I drove across the sparse dirt roads that once separated the orange groves that defined South Orange County, kicking up a cloud of dust and wondering if the winds that had shut things down just one day prior would once again put the event on hold. But the blustery Santa Anas had calmed down. Yes, it was unseasonably warm for early October. And yes, we were in the middle of a government shutdown. But that didn’t seem to deter the thousands of volunteers and visitors who converged at Orange County Great Park in Irvine, California for the 2013 U.S. Department of Energy Solar Decathlon.


The Solar Decathlon is a biennial collegiate challenge, where teams are tasked to design and build practical, affordable, and energy-efficient solar-powered homes. This is more than just an engineering exercise. The student teams are judged based on a set of criteria, including: architecture, market appeal, engineering, communications, affordability, comfort, water usage, appliances, home entertainment, and energy balance. This year’s challenge featured 19 homes that were designed, built, and transported to California for re-assembly by teams from 28 colleges and universities.


As I walked down Decathlete Way, flanked by houses to each side, I was amazed at the size of the crowd. I had thought that visitors would be able to wander through each home, like lookie loos during a Sunday morning open house. Instead, there were lines in front of each house, with wait times anywhere from five minutes to twenty minutes. Once inside, small groups were given guided tours by the students, highlighting the team’s strategies and energy-conservation measures, while answering questions along the way.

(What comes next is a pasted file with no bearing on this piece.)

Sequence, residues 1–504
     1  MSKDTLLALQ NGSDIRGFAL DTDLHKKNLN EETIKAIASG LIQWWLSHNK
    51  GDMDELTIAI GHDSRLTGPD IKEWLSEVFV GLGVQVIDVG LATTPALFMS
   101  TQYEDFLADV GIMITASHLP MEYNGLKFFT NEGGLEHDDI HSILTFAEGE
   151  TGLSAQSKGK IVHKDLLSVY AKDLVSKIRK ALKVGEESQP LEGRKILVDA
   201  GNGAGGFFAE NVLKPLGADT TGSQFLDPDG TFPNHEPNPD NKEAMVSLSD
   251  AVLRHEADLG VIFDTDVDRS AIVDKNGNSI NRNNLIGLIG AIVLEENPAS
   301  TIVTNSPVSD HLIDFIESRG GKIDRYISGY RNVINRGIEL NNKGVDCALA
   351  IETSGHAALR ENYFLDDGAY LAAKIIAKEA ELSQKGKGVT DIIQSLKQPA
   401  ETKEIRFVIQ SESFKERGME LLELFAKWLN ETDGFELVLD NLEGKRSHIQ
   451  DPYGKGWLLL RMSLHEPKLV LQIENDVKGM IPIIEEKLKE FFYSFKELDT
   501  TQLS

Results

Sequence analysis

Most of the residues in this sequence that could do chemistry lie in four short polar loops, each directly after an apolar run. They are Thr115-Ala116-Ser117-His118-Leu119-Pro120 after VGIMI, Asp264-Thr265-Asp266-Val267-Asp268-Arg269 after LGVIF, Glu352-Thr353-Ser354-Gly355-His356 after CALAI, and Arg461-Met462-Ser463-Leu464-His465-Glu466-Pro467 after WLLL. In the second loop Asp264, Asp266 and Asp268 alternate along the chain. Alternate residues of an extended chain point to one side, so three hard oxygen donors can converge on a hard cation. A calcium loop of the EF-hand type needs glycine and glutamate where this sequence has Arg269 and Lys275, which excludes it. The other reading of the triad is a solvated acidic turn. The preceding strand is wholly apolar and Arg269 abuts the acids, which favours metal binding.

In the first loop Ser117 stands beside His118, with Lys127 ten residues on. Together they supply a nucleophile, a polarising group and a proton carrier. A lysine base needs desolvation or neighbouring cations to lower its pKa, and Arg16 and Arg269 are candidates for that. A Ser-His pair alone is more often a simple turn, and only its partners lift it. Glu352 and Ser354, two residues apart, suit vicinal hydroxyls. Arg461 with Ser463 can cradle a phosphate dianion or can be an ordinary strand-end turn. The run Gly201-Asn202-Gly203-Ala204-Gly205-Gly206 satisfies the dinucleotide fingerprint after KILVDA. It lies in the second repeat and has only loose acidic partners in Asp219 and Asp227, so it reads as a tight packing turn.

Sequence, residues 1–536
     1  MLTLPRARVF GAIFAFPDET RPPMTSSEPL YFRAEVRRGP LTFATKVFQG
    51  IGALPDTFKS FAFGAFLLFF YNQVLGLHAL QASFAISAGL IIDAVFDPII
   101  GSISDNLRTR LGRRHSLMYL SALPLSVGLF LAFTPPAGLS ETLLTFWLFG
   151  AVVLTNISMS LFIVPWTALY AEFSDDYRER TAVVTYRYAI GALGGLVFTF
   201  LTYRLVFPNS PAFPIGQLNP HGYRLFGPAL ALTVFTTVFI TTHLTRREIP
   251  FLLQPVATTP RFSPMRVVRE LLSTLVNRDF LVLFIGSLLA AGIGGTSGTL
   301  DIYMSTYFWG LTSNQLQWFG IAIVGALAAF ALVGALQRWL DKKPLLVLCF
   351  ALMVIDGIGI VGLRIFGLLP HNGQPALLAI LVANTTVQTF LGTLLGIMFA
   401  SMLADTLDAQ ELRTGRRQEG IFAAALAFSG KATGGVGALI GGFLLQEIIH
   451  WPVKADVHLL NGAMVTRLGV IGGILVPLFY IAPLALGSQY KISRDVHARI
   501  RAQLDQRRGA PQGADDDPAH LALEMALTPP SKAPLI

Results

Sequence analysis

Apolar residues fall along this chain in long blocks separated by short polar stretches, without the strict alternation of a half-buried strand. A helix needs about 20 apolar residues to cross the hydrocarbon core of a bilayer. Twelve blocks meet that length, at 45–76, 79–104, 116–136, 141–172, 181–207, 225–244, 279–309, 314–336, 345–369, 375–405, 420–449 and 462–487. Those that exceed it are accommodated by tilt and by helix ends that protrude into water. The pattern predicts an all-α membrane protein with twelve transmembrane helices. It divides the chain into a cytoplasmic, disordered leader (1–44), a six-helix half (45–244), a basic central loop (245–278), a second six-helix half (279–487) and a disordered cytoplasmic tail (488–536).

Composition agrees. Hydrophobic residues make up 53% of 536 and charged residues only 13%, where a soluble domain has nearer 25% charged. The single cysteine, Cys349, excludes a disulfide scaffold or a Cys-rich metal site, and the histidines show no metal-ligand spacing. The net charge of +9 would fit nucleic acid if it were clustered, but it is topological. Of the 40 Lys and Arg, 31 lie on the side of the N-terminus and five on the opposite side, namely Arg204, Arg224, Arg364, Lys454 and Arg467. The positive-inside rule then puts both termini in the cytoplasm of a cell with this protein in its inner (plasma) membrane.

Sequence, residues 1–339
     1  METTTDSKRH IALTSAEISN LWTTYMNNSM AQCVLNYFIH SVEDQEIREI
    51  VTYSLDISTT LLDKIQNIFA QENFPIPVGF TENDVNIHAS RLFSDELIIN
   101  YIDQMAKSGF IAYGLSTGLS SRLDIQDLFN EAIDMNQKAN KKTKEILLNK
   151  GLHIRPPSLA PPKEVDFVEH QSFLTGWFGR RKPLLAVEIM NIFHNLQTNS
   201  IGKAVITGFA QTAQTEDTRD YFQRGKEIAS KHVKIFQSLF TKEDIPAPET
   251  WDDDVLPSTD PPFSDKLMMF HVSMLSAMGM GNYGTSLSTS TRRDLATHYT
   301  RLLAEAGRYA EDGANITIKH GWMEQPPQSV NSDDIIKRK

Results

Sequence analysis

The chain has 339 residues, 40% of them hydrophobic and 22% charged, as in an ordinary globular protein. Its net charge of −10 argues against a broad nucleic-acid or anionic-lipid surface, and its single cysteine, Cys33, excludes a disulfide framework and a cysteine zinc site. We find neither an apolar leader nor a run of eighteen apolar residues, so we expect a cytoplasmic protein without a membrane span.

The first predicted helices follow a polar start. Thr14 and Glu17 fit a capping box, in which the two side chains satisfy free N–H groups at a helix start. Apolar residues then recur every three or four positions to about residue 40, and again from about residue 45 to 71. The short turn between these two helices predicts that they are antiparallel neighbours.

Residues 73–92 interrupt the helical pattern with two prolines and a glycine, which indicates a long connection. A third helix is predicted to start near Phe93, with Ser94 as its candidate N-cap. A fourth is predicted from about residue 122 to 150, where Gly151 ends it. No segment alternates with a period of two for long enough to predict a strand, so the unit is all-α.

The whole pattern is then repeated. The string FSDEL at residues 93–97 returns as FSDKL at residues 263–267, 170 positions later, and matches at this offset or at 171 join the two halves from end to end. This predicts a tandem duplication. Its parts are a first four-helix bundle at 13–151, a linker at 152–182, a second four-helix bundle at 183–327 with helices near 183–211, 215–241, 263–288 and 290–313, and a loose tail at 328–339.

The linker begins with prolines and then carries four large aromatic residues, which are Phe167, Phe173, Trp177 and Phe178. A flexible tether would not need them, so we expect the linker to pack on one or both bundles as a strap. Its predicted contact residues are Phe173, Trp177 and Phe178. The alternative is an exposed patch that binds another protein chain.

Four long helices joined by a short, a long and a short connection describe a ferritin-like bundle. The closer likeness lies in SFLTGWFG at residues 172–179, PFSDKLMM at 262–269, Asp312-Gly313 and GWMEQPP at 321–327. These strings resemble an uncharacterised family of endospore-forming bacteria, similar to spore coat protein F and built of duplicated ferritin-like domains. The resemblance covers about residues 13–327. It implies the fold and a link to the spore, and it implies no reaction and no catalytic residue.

It was awe-inspiring to see the innovation and analysis, the attention to detail and build quality of each of the houses. There were a number of common strategies used in almost every house, such as shading and enhanced insulation. There were also a number of teams that looked at more “out of the box” solutions, such as incorporating phase change materials. Seven of the homes featured radiant heating/cooling systems. The University of Santa Clara’s house was even called “Radiant House.” A number of other homes utilized grey water reclamation and fire sprinkler systems.


As I went from house to house, I was eager to see what the University of North Carolina at Charlotte had come up with. It was during the summer of 2012 when UNC-Charlotte approached Uponor, looking for some guidance on how to design, install, and control a radiant cooling system. We had had several discussions and I even got to meet with a number of team members and faculty advisors during the ASPE Convention in Charlotte last fall. In the end, they opted to go with a capillary-type radiant cooling system for ease of installation, but they used a lot of our information for their analysis. It was nice to see UNC-Charlotte win the People’s Choice Award.


Another notable winner was the University of Nevada, Las Vegas. UNLV’s DesertSol house featured solar thermal collectors to serve a radiant floor heating system and a multi-purpose fire sprinkler system, supported by Uponor. UNLV took second place overall, edged out by Team Austria.


Attending the 2013 Solar Decathlon was an amazing experience. It was great to see the next generation of engineers and architects embrace smart building strategies and energy-conservations measures such as radiant heating and cooling. In an age where we are often critical of today’s youth, it was encouraging to see such bright and industrious minds at work.